Libya officials say toddlers among dead from NATO raid

A Libyan soldier stands on top of a destroyed building in the Bab Al-Aziziya district of Tripoli on June 7, 2011 after NATO warplanes pounded the Libyan capital. Libya has accused NATO of killing at least five civilians in an air strike that hit a house in Tripoli in the early morning of June 19, 2011.

NATO says it is investigating Libyan government claims that a bombing raid hit a residential area of Tripoli, killing at leave five civilians including two toddlers.

Libyan government officials said a raid in the early hours of Sunday destroyed a house in Tripoli’s Souk al-Juma residential district. A three-storey house was reduced to rubble at the scene of the alleged raid in Arada, a neighborhood in Souk al-Juma.

Libyan officials took journalists to the house, where rescue teams and bystanders searched for survivors in the wreckage, Agence France-Presse reports. Journalists were then taken to see bodies at a Tripoli hospital. They were shown the bodies of a woman and two toddlers that officials said had been killed in the raid.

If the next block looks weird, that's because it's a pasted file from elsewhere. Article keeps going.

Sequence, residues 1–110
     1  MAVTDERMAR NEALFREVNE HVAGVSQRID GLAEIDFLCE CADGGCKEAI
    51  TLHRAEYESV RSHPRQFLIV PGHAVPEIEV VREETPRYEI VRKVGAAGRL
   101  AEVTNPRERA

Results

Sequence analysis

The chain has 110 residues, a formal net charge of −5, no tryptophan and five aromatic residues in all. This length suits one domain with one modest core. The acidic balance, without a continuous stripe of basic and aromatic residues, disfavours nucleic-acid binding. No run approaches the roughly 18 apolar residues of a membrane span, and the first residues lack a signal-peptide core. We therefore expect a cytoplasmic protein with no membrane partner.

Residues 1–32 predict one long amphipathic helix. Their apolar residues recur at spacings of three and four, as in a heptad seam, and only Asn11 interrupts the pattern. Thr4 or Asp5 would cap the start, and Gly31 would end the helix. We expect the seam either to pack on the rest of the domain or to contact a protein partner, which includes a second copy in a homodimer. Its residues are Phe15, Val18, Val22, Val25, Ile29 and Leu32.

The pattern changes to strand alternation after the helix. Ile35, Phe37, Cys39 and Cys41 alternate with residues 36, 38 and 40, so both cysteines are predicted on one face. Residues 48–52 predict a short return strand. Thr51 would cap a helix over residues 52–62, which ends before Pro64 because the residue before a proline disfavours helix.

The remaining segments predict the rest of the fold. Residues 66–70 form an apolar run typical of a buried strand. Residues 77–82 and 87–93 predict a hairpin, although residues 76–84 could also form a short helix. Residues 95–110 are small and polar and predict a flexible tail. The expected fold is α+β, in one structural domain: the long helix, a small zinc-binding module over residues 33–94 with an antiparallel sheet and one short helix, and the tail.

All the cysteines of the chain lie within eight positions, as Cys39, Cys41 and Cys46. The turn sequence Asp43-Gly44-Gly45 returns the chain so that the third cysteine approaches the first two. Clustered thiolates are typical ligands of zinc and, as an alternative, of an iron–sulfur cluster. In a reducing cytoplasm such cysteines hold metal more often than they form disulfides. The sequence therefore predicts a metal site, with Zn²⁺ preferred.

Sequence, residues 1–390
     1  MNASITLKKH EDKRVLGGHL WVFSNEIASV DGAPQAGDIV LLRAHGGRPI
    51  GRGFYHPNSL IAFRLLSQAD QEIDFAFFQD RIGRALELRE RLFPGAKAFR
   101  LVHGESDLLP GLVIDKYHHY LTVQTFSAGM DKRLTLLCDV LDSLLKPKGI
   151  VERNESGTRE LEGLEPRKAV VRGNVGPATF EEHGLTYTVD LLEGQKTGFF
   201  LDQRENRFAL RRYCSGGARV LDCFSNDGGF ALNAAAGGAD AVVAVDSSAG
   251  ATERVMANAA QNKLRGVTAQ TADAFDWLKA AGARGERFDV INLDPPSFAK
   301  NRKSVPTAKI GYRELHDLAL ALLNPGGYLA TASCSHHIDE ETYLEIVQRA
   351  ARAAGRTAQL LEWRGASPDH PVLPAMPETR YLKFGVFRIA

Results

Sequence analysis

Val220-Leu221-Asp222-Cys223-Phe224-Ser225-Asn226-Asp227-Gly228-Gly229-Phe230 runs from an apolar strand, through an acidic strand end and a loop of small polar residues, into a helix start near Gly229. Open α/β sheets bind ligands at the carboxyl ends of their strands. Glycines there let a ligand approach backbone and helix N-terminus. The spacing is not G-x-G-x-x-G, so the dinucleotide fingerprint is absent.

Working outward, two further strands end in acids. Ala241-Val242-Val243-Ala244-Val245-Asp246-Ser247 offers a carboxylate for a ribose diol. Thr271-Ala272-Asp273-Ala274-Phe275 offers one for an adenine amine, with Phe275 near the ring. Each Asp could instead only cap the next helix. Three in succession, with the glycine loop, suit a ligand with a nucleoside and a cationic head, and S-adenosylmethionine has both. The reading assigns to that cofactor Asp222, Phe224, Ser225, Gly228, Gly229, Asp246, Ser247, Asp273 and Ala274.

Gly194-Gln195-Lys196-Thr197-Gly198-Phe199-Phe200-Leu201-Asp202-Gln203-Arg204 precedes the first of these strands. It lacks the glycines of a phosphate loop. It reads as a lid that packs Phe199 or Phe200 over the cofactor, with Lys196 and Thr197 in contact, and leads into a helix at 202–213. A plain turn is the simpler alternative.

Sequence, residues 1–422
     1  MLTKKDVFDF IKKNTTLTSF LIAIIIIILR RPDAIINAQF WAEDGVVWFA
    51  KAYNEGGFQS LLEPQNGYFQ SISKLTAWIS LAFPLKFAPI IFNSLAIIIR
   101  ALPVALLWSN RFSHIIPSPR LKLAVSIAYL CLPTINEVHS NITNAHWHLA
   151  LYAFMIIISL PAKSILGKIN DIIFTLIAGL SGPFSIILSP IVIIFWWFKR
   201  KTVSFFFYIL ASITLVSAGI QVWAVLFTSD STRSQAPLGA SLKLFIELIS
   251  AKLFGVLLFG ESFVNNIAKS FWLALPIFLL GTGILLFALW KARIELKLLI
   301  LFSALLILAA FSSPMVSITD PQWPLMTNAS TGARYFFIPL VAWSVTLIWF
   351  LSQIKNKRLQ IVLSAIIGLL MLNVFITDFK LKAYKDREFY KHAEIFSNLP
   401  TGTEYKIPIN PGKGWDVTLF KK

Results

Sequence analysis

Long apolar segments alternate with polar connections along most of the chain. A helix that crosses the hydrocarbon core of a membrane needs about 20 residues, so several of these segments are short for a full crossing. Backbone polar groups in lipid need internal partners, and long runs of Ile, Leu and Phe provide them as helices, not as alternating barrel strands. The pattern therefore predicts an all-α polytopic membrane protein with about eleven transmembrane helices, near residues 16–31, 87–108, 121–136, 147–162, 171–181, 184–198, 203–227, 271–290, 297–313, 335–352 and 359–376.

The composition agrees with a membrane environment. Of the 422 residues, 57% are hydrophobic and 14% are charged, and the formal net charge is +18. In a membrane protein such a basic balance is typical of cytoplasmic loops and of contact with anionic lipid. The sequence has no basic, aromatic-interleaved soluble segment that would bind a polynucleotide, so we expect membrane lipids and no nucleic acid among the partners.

“Basically, this is another night of murder, terror and horror in Tripoli caused by NATO," Libyan government spokesman Moussa Ibrahim told reporters at the hospital, according to Reuters.

Ibrahim said five families were living in the building which was hit, and he feared the death toll would rise.

If the incident is confirmed, it would be a blow to NATO's campaign, which is aimed at supporting rebels fighting the government of Muammar Gaddafi, at a time when the Western alliance is debating how to continue its mission.

(From GlobalPost in Libya: Traces of democracy in Libya's rebel city)

Last week, Russia and China teamed up against the NATO campaign, signing a declaration against air strikes on Libya and calling for political solutions to the crisis.

The incident early Sunday occurred just over 24 hours after the Libyan government accused NATO of specifically targeting civilians in its bombing campaign.

NATO, which has flown more than 11,000 sorties since operations began, says it is looking into the Libyan claims of civilian deaths in Tripoli, the BBC reports.

"NATO deeply regrets any losses of civilian life during [the Libya] operation, and it would be very sorry indeed if a review of this incident concludes it was a NATO operation,” NATO Wing Commander Mike Bracken told the BBC.

"Our pilots and air crew go to great lengths to minimalize civilian risk, but ultimately you can never make that risk zero in a military campaign,” he said.

The credibility of Libyan authorities took a hit two weeks ago after they showed journalists a little girl being treated in hospital and said she had been a victim of a NATO air strike. But a member of the medical staff passed a note to a journalist that said she had actually been injured in a traffic accident.

After four months of civil war, rebels control much of the east of Libya and pockets in the west, including the port city of Misrata. Tripoli remains under government control.